pages tagged mathematics
https://www.vanrenterghem.biz/blog/tags/mathematics/
blogikiwikiSun, 29 Oct 2023 15:36:05 +0800agent based models digital twinshttps://www.vanrenterghem.biz/blog/posts/agent_based_models_digital_twins/
https://www.vanrenterghem.biz/blog/posts/agent_based_models_digital_twins/
mathematicsmodelingSun, 29 Oct 2023 15:15:34 +08002023-10-29T07:36:05Z<p>A new approach to modeling using categories and software, facilitating the build of advanced models like digital twins, is being developed at the moment.</p>
<p>During the 2023 SIAM Conference on Computational Science and Engineering, a group of researchers <a href="https://meetings.siam.org/sess/dsp_talk.cfm?p=124342">presented</a> their</p>
<blockquote><p>diagrammatic representations that provide an intuitive interface for specifying the relationships between variables in a system of equations, a method for composing systems equations into a multiphysics model using an operad of wiring diagrams, and an algorithm for deriving solvers using directed hypergraphs, yielding a method of generating executable systems from these diagrams using the operators of discrete exterior calculus on a simplicial set. The generated solvers produce numerical solutions consistent with state of the art open source tools.</p></blockquote>
<p>As pointed out, mathematics can rarely be isomorphic to its software implementation, yet here the researchers go a long way in enabling that.</p>
<p>Using Julia language, the applied category theorists working on this concept wrote a software (StockFlow) which allows users to build stock-flow diagrams and do all sorts of things with them - from drawing them over to transforming them into other forms like dynamical systems and system structure diagrams, or to solving the underlying differential equations.</p>
<p>The team have also built software (ModelCollab) that hides all the Julia code again, enabling people that aren't educated mathematicians or computer scientists to apply this way of modeling in their work.</p>
<p>This fascinates me, as having a way to write and audit complex systems like digital twins using free and open-source approaches can be transformative in making them accessible for smaller organisations or developed for non-core departments in bigger organisations that up to now are the only ones with enough money or people to develop them for their key operations.</p>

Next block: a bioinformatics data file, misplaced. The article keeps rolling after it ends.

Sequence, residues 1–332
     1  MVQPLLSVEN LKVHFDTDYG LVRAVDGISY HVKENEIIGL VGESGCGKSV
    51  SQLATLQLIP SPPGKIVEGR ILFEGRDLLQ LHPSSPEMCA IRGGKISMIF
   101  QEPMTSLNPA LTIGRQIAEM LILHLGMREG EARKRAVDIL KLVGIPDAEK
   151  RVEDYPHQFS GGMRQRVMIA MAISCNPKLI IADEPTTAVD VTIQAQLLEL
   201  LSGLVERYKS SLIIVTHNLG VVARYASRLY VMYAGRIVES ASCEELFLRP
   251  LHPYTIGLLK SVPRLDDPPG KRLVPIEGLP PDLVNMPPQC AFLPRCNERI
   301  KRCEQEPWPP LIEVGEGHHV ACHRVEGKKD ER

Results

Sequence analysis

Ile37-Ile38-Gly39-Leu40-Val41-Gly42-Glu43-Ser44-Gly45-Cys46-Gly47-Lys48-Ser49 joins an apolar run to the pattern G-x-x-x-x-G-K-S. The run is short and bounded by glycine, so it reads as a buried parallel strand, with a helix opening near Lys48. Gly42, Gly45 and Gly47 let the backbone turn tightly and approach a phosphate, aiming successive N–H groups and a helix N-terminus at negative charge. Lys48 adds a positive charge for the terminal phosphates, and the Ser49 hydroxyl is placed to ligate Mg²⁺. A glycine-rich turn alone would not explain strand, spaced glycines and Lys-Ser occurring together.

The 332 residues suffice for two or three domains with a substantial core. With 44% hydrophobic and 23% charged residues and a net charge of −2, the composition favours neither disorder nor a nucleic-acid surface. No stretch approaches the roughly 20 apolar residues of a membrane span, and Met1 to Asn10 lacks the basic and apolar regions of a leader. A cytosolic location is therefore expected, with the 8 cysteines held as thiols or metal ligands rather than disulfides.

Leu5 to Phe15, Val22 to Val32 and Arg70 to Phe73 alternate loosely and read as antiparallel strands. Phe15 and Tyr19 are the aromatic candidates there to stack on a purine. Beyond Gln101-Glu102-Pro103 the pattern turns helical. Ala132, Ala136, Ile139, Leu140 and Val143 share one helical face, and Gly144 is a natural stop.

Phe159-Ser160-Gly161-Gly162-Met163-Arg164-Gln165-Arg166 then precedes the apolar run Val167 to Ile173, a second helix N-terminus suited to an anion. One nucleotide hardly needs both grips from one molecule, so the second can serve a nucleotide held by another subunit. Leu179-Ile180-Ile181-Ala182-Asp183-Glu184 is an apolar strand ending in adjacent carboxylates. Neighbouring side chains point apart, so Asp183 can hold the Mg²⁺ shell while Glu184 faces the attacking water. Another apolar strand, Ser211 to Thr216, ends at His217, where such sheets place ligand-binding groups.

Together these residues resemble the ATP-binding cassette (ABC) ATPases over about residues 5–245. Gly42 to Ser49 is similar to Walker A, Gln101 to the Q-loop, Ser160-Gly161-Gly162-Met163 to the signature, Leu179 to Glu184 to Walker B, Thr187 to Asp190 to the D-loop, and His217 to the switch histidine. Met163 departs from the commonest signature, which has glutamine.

<p>Read more on <a href="https://johncarlosbaez.wordpress.com/2023/10/25/software-for-compositional-modeling-in-epidemiology/">John Baez's blog</a>.</p>
/blog/posts/agent_based_models_digital_twins/#commentsFibonacci golden spiralhttps://www.vanrenterghem.biz/blog/posts/Fibonacci_golden_spiral/
https://www.vanrenterghem.biz/blog/posts/Fibonacci_golden_spiral/
RmathematicsvisualisationMon, 16 Sep 2019 22:03:03 +08002019-09-17T01:51:51Z<h1>What</h1>
<p>After having read the first part of a Rcpp tutorial which compared native R vs C++ implementations of a Fibonacci sequence generator, I resorted to drawing the so-called Golden Spiral using R.</p>
<h1>Details</h1>
<p>Libraries used in this example are the following</p>
<pre><code>library(ggplot2)
library(plotrix)
</code></pre>
<p>In polar coordinates, this special instance of a logarithmic spiral's functional representation can be simplified to r(t) = e<sup>(0.0635*t)</sup>
For every quarter turn, the corresponding point on the spiral is a factor of phi further from the origin (r is this distance), with phi the golden ratio - the same one obtained from dividing any 2 sufficiently big successive numbers on a Fibonacci sequence, which is how the golden ratio, the golden spiral and Fibonacci sequences are linked concepts!</p>